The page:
Partial Capos | Kyser Musical Products

  13. #12

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    Depending on whether you think if her music as jazz, Joni Mitchell.

    I sometimes use one for slide and and open fingerstyle acoustic playing (especially open tunings), but not for jazz (at least not so far).

    John

  14. #13

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    Capo at the fifth fret


  15. #14

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    Joe Pass used to advise against playing lots of open string stuff. He claimed that it sounds pretty but bores the audience.

    I agree.

  16. #15

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    Quote Originally Posted by MarkRhodes
    I didn't see that show but I used to do that all the time. Wrote a lot of songs that way. One capo (for me) was a Shubb, which I could set to cover just four strings, D-E. The other one (a Kyser) would cover all 6 strings some distance back but would only capo the low E and A (because the other 4 were capoed further up the neck.

    I did it to create a droning sound. When I was playing all by myself, it gave more, um, ring to simple things.
    My wife watches it all the time, when she saw that she called me over to see.

    Any jazz players use a capo?-thunderstorm-finals-jpg

  17. #16

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    Quote Originally Posted by Ukena
    I've heard him play that tune live a few times - I always thought it was a strip of metal,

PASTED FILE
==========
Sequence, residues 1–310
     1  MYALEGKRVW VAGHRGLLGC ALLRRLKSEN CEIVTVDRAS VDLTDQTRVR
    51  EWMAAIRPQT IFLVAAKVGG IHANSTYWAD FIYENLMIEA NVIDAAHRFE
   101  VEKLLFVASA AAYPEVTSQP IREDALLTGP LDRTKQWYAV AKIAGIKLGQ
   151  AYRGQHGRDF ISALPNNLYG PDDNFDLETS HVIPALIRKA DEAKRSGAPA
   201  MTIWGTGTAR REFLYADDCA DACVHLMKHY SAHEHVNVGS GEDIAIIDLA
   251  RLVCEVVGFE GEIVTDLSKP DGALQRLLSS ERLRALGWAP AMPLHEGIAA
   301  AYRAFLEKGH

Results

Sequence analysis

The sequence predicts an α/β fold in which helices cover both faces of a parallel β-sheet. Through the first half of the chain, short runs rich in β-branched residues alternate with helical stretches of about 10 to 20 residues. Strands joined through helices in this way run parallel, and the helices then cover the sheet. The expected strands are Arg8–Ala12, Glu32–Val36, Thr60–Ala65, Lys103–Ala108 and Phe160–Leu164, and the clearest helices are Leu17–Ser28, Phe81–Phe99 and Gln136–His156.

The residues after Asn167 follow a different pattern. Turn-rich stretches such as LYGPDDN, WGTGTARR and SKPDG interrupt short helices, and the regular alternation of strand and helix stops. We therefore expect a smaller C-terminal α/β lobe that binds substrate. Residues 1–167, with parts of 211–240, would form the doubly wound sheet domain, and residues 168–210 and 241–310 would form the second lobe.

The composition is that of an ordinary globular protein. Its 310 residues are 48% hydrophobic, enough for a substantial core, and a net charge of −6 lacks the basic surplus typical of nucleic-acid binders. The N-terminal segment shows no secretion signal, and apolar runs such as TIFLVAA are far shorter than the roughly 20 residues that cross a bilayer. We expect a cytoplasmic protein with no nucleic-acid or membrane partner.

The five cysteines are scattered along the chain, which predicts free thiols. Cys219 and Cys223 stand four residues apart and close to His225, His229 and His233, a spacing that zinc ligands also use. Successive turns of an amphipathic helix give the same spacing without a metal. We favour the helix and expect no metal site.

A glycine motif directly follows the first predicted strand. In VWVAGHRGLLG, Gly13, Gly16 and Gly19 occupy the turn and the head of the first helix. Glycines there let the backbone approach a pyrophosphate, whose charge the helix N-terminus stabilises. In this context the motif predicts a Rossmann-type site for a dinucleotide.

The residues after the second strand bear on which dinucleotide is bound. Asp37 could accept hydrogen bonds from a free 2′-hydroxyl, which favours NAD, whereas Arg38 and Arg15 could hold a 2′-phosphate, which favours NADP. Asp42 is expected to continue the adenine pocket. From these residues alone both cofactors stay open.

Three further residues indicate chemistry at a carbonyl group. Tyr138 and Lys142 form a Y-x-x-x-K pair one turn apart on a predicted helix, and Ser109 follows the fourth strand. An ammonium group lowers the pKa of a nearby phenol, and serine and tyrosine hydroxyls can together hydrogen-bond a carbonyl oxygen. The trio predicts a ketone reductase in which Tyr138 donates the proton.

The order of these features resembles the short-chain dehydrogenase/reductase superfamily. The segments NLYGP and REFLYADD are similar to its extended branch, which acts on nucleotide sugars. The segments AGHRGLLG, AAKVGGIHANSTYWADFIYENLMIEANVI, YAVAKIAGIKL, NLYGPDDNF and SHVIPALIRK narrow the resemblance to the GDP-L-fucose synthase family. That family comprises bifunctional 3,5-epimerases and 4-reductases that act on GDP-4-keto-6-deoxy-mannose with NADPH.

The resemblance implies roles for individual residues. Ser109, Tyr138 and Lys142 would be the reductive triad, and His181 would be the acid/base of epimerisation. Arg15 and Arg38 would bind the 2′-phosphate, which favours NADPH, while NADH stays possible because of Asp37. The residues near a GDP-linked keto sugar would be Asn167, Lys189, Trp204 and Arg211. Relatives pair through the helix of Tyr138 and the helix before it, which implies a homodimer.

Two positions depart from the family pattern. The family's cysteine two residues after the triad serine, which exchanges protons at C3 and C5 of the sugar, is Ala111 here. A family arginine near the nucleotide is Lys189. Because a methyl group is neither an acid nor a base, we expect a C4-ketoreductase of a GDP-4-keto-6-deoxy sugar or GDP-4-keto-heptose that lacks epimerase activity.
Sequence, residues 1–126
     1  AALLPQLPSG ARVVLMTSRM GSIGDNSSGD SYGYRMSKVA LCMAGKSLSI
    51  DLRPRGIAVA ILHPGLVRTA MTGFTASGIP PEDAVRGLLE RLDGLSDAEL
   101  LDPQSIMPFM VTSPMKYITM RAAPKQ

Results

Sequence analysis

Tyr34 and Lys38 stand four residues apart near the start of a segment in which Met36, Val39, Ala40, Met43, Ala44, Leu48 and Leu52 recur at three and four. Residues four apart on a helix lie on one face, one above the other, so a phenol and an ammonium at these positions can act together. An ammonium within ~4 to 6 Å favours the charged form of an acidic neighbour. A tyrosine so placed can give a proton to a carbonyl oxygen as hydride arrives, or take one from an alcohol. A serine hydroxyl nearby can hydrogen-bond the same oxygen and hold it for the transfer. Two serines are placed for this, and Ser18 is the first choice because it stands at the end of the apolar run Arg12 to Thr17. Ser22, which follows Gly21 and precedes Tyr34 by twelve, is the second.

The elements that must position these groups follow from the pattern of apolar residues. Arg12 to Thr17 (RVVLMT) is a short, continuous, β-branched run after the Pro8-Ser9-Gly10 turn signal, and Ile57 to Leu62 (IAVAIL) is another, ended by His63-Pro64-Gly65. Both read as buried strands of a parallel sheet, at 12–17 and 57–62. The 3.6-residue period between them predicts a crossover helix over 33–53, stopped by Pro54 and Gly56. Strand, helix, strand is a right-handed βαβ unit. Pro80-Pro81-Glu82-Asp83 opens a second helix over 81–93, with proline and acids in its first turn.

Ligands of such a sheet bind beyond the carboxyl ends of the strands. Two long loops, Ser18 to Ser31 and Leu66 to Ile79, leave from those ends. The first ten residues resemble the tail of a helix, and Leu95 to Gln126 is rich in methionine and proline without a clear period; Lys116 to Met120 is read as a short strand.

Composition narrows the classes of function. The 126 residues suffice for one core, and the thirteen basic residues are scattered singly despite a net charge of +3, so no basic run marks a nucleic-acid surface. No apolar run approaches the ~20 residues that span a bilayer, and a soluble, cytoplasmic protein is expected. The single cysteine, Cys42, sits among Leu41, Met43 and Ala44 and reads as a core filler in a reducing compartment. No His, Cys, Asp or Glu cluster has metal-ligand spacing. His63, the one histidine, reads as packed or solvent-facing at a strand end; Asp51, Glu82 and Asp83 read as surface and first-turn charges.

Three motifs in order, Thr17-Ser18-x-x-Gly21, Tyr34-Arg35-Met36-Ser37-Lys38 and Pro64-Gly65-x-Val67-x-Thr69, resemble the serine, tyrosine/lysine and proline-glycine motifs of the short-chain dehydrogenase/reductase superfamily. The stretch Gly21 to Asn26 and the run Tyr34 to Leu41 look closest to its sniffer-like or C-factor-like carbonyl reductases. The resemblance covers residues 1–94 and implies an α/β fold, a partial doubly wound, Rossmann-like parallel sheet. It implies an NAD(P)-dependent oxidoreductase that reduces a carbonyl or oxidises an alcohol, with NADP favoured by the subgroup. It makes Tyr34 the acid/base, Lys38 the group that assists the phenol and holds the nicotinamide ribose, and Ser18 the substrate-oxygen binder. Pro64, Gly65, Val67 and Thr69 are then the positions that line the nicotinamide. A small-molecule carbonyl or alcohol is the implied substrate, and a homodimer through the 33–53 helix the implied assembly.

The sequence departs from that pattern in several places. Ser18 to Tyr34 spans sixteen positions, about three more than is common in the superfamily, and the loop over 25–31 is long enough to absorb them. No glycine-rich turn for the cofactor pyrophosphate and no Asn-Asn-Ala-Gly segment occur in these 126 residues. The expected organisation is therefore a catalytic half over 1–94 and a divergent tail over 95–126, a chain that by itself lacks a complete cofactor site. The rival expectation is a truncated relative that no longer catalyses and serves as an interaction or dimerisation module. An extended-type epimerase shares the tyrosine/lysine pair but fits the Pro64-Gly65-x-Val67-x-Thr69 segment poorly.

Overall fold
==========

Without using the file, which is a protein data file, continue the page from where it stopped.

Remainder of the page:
he can get the sound of steel pans out of it when he wants.

  18. #17

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    My daughter gave me a spider capo about a year ago. These allow you to choose which of the strings you want to stop/capo. I have had nothing but disdain for capos until I got this thing. It allows voicings that would be impossible without it. It is fun to use the spider capo to produce music you never heard from a guitar before.

    Access to this page has been denied.

  19. #18
    Quote Originally Posted by Greentone
    Joe Pass used to advise against playing lots of open string stuff. He claimed that it sounds pretty but bores the audience.

    I agree.
    I don't know that open strings are necessarily "pretty" or anything in particular. They just sound like open strings.

  20. #19

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    Quote Originally Posted by Greentone
    Joe Pass used to advise against playing lots of open string stuff. He claimed that it sounds pretty but bores the audience.

    I agree.
    I thought he said don't play too many songs in a row in open keys. But as my dad used to say, "I've been wrong before..."

  21. #20

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    Quote Originally Posted by Woody Sound
    My wife watches it all the time, when she saw that she called me over to see.

    Any jazz players use a capo?-thunderstorm-finals-jpg
    Hey, thanks for the pic!
    That's not the way I did it, so I'm psyched to see this. It never occurred to me to do it that way. Though I guess it's the only way you can if you're only using that kind of capo.

    One of mine is a Shubb:
    Any jazz players use a capo?-shubb-capo-jpg